Corruption Perception Index 2021
Recently, the Corruption Perception Index (CPI) 2021 was released by Transparency International.
GS-II: Polity and Governance
Dimensions of the Article:
- What is the Corruption Perceptions Index (CPI)
- Highlights of Corruption Perceptions Index (CPI) 2021
- Recommendations of the Corruption Perceptions Index (CPI)
What is the Corruption Perceptions Index (CPI)
- The Corruption Perceptions Index (CPI) is an index published annually by Berlin-based Transparency International since 1995 which ranks countries “by their perceived levels of public sector corruption, as determined by expert assessments and opinion surveys.”
- The Index ranks 180 countries and territories by their perceived levels of public sector corruption according to experts and businesspeople.
- It relies on 13 independent data sources and uses a scale of zero to 100, where zero is highly corrupt and 100 is very clean.
- The CPI generally defines corruption as “the misuse of public power for private benefit”.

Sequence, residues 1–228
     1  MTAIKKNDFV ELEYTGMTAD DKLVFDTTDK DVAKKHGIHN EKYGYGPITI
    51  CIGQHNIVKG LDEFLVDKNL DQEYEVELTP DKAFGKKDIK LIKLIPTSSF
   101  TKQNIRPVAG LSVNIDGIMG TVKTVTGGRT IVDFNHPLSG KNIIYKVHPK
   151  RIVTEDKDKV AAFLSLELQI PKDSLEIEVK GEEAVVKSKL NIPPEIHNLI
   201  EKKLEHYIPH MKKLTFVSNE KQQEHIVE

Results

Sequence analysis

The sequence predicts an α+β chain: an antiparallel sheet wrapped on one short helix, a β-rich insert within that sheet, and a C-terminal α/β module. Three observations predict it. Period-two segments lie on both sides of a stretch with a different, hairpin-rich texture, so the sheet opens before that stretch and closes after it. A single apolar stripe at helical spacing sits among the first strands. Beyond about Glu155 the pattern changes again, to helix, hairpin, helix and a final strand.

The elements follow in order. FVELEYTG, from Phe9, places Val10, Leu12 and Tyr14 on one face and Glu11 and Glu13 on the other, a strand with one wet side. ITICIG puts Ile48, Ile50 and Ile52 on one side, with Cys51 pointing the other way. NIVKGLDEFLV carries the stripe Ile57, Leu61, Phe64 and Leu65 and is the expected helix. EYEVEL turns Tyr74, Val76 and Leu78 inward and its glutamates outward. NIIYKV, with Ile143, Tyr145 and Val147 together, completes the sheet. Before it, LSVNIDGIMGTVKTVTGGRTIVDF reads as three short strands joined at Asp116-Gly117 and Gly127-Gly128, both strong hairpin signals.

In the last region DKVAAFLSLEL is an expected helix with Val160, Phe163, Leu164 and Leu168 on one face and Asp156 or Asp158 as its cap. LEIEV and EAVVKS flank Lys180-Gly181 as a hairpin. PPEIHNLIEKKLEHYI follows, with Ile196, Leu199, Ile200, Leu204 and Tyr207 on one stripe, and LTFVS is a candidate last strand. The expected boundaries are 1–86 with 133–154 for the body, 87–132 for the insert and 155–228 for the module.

- A study published in 2012 found a “very strong significant correlation” between the Corruption Perceptions Index and two other proxies for corruption: black market activity and an overabundance of regulation.
Highlights of Corruption Perceptions Index (CPI) 2021
Overall, the CPI shows that control of corruption has stagnated or worsened in 86% of countries over the last decade.
This year, the top countries are Denmark, Finland and New Zealand, each with a score of 88. Norway (85), Singapore (85), Sweden (85), Switzerland (84),
South Sudan (11), Syria (13) and Somalia (13) remain at the bottom of the index.
- India ranked 85 among 180 countries in the current index (86 in 2020 and 80 in 2019).
- Transparency International gave India a CPI score of 40.
- Except Bhutan, all of India’s neighbours are ranked below it. Pakistan dropped 16 spots in the index and was ranked at 140.
Recommendations of the Corruption Perceptions Index (CPI)
- Strengthen oversight institutions to ensure resources reach those most in need. Anti-corruption authorities and oversight institutions must have sufficient funds, resources and independence to perform their duties
- Ensure open and transparent contracting to combat wrong doing, identify conflicts of interest and ensure fair pricing.
- Defend Democracy, Promote Civic Space by enabling civil society groups and the media to hold governments accountable.
- Publish relevant data and guarantee access to information to ensure the public receives easy, accessible, timely and meaningful information.
-Source: The Hindu